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(L to R) Gov. Phil Bryant, Attorney General Jim Hood
MPB News


The State Attorney General is refusing to add Mississippi to an 11 state lawsuit against the federal government over gender and restrooms in public schools, despite the Governor's Office wanting the state to go all in. MPB's Mark Rigsby reports.

Attorney General Jim Hood and Governor Phil Bryant are at odds over getting involved in the lawsuit.

Hood released a statement late Thursday saying, "I strongly encourage our state leaders to shift their focus to issues that are directly impacting our citizens every day, such as education, mental health, roads and bridges, and public safety. I can assure them that Mississippi families are concerned more about these challenges than about lawsuits over restrooms."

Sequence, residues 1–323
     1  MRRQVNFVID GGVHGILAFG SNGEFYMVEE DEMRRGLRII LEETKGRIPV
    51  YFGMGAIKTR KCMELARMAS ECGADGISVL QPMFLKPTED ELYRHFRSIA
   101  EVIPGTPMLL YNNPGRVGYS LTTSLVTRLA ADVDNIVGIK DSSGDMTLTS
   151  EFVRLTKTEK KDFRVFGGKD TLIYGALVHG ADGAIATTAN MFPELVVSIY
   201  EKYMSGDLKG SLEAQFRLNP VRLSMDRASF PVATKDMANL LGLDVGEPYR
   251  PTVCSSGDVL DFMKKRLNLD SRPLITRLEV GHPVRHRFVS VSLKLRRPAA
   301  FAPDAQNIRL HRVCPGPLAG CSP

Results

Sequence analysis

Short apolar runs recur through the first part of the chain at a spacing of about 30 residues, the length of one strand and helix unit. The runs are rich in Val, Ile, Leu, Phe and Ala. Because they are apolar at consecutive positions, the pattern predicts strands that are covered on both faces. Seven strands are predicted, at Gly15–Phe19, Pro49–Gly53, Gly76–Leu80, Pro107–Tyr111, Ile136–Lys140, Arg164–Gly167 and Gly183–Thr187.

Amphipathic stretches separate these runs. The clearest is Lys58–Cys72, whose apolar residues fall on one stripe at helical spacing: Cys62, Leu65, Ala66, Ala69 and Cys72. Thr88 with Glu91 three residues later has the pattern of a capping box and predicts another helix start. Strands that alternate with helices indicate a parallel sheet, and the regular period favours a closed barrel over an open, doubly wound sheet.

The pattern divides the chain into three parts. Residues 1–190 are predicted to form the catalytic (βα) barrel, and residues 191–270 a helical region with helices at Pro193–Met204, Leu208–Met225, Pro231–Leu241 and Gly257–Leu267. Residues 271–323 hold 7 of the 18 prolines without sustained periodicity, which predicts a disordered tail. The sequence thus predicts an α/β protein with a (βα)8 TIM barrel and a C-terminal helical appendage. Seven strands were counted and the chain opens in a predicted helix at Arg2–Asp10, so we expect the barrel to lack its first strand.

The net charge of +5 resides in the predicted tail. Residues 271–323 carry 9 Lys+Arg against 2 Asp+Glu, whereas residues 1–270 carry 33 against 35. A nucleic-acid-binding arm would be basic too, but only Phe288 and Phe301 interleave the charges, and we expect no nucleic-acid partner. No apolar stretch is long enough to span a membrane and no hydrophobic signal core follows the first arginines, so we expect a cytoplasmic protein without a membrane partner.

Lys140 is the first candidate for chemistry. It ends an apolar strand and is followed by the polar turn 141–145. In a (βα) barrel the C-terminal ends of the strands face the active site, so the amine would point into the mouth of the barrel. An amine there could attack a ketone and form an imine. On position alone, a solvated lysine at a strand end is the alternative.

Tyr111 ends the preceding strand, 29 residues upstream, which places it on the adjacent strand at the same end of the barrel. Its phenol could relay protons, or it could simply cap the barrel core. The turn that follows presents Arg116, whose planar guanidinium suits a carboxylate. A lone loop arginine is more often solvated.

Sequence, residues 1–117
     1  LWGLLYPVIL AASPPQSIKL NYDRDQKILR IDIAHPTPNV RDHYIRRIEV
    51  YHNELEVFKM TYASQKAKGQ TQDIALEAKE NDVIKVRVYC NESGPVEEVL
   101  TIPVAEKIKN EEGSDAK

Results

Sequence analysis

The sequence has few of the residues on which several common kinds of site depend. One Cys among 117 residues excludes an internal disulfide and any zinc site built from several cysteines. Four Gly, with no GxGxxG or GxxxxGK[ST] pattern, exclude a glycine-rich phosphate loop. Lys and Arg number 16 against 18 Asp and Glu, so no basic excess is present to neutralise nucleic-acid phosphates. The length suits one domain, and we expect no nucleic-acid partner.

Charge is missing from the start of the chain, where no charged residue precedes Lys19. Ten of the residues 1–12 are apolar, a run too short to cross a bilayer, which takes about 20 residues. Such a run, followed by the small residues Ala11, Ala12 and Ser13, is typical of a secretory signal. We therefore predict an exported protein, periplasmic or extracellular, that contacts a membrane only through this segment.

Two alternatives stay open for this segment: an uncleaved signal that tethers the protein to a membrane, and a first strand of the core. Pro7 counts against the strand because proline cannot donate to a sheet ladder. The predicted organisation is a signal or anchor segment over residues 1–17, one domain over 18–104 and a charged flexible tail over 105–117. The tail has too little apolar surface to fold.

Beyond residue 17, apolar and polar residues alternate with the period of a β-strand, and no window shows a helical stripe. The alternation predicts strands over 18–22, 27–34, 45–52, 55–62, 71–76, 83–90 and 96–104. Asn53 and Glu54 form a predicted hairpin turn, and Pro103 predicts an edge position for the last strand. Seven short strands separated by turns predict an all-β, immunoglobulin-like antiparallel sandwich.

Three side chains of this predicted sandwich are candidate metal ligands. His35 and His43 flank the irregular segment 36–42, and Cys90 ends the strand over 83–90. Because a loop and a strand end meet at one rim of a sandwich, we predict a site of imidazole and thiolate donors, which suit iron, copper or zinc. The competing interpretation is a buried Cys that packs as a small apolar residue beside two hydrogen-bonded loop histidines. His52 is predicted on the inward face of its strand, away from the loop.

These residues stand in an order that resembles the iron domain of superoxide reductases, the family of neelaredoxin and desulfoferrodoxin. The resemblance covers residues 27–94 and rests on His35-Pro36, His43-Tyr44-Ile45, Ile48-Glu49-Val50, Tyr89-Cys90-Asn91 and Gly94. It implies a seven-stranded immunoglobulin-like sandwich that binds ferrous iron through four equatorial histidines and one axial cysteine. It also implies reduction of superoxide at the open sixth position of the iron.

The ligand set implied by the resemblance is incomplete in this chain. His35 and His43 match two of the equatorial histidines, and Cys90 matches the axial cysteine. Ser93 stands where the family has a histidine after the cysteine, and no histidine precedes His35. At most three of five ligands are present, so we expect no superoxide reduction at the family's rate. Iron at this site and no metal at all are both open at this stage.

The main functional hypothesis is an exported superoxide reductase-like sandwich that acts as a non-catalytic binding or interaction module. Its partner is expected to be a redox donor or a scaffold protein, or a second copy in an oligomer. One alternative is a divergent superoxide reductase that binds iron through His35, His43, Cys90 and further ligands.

Governor Bryant's office had reached out to the Texas Attorney General's office to join the lawsuit, over what the governor believes is "federal overreach."

The Obama administration recently told states that transgender students in public schools must be permitted to use the rest room or locker room of their choice, based on the gender they identity with, or face losing funding.

Rob Hill is the state director of the Human Rights Campaign of Mississippi, an LGBT rights group.

"There's a lot of people who just don't know a lot about transgender people," says Hill. "Our elected leaders are obviously taking advantage of that. They're preying upon the fear, and pandering to misinformation."

The state Department of Education originally announced it would follow the new instructions from Washington, but did an about face after the state Board of Education voted to stand with the governor rejecting it.